Trademark filings related to cannabis and cannabidiol (CBD) in the United States Patent and Trademark Office (USPTO) have experienced tsunami-like growth over the course of multiple years due to a combination of factors, including the dramatic rise of states formally legalizing cannabis goods and services, and a greater understanding of the many products and services that have beneficial utility with cannabis/CBD ingredients.
On the federal level, full legalization remains elusive, but there is a steady march toward allowance of certain goods and services in the general field of cannabis, as additional research is conducted overall on the potential impact cannabis/CBDderived ingredients may have in certain uses. The most recent federal law to address potential legal uses of cannabis/CBDderived goods is the Agriculture Improvement Act of 2018, colloquially known as the 2018 Farm Bill. Signed into law on December 20, 2018, the 2018 Farm Bill formally acknowledges that hemp, defined as the plant “Cannabis sativa L. and any part of that plant, including the seeds thereof and all derivatives, extracts, cannabinoids, isomers, acids, salts, and salts of isomers, whether growing or not, with a delta-9 tetrahydrocannabinol [THC] concentration of not more than 0.3 percent on a dry weight basis,” is removed from the Controlled Substances Act (CSA) definition of marijuana. The impact of removing hemp (with these precise terms) from the CSA definition of marijuana is that it becomes legal under federal law.
USPTO Examination Guide 1−19
With newly legal product definitions to address and a vast sea of pending applications in the field of cannabis on file at the USPTO, the USPTO issued Examination Guide 1-19 (the Guide) to provide some guidance and clarity on the examination of marks used to identify cannabis and cannabis-related goods and services in light of changes to federal law enacted through the 2018 Farm Bill.
In terms of providing guidance, the Guide plainly acknowledges the change in legal status of hemp and hemp-derived products under the 2018 Farm Bill. The Guide also affirms the USPTO’s position that it will not allow the federal registration of trademarks or service marks for use in connection with goods and/or services that are not lawful under federal law, even if the goods and/or services are lawful under some state laws. See Exam Guide 1-19 Introduction; see also Trademark Manual of Examining Procedure (TMEP) Section 907.
In terms of providing clarity however, the Guide leaves room for interpretation. The Guide does shed light on how the USPTO will treat an applicant’s federal trademark application, depending on (1) when the applicant filed, (2) the goods and services recited in the application, and (3) the current or intended scope of use of the mark. However, there is still some gray area. A thorough understanding of what an applicant can and cannot do in the context of the Guide and general USPTO rules helps to address the gray space.
For cannabis marks, the following factors must be considered in light of the Guide.
Are the Goods Derived from “Hemp” and Otherwise Federally Lawful?
For applications that identify goods encompassing cannabis/CBD filed on or after the enactment of the 2018 Farm Bill, the Guide indicates that the CSA may be removed as a ground for refusal if the goods are derived from hemp (i.e., Cannabis sativa L. with no more than 0.3 percent THC on a dry weight basis). Accordingly, if the goods contain cannabis or CBD derived from marijuana (i.e., Cannabis sativa L. with more than 0.3 percent THC on a dry weight basis), then the goods are still unlawful under the CSA and the application will be refused.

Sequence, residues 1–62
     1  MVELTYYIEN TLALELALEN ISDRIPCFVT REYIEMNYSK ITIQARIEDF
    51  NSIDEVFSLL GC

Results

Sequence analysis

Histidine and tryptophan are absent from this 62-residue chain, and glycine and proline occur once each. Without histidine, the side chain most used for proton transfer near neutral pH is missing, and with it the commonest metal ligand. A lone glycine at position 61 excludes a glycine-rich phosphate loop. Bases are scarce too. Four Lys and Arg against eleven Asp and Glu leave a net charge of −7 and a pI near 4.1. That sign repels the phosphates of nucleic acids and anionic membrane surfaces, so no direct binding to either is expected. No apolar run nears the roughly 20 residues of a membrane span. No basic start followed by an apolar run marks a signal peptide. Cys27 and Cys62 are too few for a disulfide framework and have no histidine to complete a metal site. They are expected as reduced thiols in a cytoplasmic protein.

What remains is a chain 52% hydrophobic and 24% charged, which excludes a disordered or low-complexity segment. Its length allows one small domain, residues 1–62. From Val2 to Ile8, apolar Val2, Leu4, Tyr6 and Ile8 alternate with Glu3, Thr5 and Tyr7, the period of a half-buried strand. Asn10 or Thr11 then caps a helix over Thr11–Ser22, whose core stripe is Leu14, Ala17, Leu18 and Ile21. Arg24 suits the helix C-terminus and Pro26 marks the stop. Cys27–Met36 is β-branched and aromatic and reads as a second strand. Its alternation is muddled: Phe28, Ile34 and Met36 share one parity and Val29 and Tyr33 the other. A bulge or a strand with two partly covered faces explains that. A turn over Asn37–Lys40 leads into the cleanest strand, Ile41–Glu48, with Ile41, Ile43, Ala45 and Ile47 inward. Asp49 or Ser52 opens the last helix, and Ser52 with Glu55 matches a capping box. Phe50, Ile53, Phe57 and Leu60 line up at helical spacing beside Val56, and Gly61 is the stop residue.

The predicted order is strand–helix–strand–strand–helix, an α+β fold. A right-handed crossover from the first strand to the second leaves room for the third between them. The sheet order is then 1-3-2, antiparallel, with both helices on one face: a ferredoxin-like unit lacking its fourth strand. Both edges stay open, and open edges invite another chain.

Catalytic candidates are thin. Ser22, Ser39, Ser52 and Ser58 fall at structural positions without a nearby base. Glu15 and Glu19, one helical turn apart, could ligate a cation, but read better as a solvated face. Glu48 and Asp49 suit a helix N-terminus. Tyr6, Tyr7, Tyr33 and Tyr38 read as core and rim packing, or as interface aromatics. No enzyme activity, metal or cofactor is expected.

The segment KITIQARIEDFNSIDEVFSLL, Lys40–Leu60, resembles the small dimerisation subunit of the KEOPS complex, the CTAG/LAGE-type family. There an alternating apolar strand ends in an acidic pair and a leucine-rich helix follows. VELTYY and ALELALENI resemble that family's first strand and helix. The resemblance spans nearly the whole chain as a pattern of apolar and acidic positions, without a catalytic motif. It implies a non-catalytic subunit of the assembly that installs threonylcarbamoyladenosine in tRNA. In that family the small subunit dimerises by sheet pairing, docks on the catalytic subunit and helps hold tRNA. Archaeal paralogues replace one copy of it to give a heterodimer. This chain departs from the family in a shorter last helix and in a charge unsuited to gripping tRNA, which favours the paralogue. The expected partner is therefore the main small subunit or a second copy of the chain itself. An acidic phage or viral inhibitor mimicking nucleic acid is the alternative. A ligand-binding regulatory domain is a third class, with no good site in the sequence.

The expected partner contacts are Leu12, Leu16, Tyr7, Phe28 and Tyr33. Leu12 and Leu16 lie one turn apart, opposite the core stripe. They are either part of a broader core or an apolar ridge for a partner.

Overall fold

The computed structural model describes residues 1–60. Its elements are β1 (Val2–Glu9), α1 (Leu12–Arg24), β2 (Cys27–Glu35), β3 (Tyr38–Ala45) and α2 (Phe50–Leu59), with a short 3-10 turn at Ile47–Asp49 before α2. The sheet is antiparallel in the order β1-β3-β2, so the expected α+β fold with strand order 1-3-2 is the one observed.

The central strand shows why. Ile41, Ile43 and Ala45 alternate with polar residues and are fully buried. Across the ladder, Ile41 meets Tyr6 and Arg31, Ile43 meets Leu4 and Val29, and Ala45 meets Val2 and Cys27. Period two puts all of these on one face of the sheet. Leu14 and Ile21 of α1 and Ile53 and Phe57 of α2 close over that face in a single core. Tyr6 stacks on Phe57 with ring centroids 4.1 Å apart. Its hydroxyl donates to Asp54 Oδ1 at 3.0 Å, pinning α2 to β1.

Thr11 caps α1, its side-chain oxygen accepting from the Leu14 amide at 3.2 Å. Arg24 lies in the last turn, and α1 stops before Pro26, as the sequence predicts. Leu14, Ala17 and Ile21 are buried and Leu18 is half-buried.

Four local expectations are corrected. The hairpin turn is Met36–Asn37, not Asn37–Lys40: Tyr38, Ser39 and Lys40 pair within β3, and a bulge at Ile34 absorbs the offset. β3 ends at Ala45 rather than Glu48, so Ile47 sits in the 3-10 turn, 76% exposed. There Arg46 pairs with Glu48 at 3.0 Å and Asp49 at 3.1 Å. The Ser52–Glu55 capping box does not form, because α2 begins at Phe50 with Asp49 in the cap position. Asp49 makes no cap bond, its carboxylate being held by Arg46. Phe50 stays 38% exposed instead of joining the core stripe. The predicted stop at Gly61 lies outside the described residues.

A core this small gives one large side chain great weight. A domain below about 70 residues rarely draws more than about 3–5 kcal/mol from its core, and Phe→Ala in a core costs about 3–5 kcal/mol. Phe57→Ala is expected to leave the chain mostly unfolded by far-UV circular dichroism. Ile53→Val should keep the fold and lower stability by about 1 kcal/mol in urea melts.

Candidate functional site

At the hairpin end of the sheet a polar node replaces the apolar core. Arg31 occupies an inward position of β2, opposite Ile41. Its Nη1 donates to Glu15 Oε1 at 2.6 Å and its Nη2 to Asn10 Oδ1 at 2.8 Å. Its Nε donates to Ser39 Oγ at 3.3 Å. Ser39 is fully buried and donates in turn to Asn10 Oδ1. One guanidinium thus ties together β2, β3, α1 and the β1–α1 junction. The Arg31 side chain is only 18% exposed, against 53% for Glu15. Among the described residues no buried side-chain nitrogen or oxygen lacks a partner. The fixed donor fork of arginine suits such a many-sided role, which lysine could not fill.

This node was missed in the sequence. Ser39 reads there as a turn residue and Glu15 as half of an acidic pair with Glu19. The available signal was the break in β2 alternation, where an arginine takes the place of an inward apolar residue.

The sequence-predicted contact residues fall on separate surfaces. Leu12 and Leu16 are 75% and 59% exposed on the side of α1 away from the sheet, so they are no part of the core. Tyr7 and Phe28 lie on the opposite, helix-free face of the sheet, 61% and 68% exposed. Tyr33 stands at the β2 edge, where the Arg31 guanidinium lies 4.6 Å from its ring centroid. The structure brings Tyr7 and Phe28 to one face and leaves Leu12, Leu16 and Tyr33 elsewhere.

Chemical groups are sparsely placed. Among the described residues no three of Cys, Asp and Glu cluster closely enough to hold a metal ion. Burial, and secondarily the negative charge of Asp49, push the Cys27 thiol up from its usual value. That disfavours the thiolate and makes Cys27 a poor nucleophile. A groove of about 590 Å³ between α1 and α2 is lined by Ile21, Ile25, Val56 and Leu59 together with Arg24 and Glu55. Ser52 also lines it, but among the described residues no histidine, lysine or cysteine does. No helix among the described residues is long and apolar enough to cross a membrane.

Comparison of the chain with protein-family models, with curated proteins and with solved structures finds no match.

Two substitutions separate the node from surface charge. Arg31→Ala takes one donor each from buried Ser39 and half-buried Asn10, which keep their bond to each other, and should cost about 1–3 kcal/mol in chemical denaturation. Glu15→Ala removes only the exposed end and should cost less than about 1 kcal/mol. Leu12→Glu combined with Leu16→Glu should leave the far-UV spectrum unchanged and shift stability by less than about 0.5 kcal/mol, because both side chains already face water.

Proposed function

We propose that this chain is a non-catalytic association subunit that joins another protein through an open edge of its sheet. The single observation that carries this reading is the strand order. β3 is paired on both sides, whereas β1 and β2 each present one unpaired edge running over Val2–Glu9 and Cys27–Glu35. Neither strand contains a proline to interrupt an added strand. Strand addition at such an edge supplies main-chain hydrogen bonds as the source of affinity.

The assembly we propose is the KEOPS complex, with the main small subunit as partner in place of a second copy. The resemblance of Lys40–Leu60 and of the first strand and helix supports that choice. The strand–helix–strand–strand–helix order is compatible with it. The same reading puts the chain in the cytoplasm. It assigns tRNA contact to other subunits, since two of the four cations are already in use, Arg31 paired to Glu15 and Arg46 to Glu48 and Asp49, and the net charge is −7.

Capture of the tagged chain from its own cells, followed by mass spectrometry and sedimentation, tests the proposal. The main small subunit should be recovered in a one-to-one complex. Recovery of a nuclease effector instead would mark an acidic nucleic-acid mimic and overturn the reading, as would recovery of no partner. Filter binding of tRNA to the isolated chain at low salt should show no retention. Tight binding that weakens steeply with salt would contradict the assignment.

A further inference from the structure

It should be noted that cannabis/CBD goods that are not compliant with the Federal Food, Drug and Cosmetic Act (FDCA) and other federal laws and regulations still may not be allowed registration in the USPTO despite the enactment of the 2018 Farm Bill. Specifically, the Guide states that “the use in foods or dietary supplements of a drug or substance undergoing clinical investigations without approval of the U.S. Food and Drug Administration (FDA) violates the FDCA.” The 2018 Farm Bill explicitly preserves the FDA’s regulatory authority in the context of goods containing cannabis and CBD. Accordingly, “foods, beverages, dietary supplements, or pet treats containing CBD will still be refused as unlawful under the FDCA, even if derived from hemp, as such goods may not be introduced lawfully into interstate commerce.” See Examination Guide 1-19 Section II.
One must ask, are my goods (in use or intended to be put into use) above or below the 0.3 percent THC dividing line? Are my hemp-derived goods also foods, beverages, dietary supplements, pet treats, or other products that fall under scrutiny by the FDA? The answers will inevitably impact an applicant’s ability to obtain registration in the USPTO
Is an Amendment of the Identification Needed?
Under the Guide, the Identification (ID) must specify that the hemp-derived goods contain no more than 0.3 percent THC on a dry-weight basis to be allowed to continue in the registration process. Pursuant to Trademark Manual of Examining Procedure (TMEP) Section 1402.07(b), allowance of amendments to the ID have been a standard practice in the USPTO, provided the ID amendment does not go beyond the scope of the original ID language as filed, and it is otherwise sufficiently definite.
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Originally Published by DRI: In-House Defense Quarterly
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